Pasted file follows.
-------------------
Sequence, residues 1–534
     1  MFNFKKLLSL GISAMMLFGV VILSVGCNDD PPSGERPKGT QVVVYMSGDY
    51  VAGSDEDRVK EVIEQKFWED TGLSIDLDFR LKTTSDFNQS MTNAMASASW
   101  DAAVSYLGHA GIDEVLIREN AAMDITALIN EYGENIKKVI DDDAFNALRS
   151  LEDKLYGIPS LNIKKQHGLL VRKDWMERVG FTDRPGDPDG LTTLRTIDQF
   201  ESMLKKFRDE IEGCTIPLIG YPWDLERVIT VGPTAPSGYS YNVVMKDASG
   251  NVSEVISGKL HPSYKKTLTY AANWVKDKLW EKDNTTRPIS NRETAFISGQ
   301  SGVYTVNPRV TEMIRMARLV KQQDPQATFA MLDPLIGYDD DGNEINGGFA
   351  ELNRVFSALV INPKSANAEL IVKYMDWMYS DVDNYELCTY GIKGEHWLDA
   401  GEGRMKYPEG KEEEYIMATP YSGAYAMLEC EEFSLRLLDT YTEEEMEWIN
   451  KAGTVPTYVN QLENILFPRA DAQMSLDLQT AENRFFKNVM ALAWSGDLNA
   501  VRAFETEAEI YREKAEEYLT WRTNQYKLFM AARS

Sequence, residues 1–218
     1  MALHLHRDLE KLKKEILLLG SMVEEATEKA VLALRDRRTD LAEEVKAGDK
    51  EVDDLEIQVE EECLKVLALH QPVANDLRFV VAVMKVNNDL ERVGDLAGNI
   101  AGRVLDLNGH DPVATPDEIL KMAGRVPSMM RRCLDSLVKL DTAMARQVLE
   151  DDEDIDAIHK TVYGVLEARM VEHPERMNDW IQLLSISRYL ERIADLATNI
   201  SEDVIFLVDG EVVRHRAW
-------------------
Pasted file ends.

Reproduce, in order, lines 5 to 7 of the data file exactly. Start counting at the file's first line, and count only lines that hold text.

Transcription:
   151  LEDKLYGIPS LNIKKQHGLL VRKDWMERVG FTDRPGDPDG LTTLRTIDQF
   201  ESMLKKFRDE IEGCTIPLIG YPWDLERVIT VGPTAPSGYS YNVVMKDASG
   251  NVSEVISGKL HPSYKKTLTY AANWVKDKLW EKDNTTRPIS NRETAFISGQ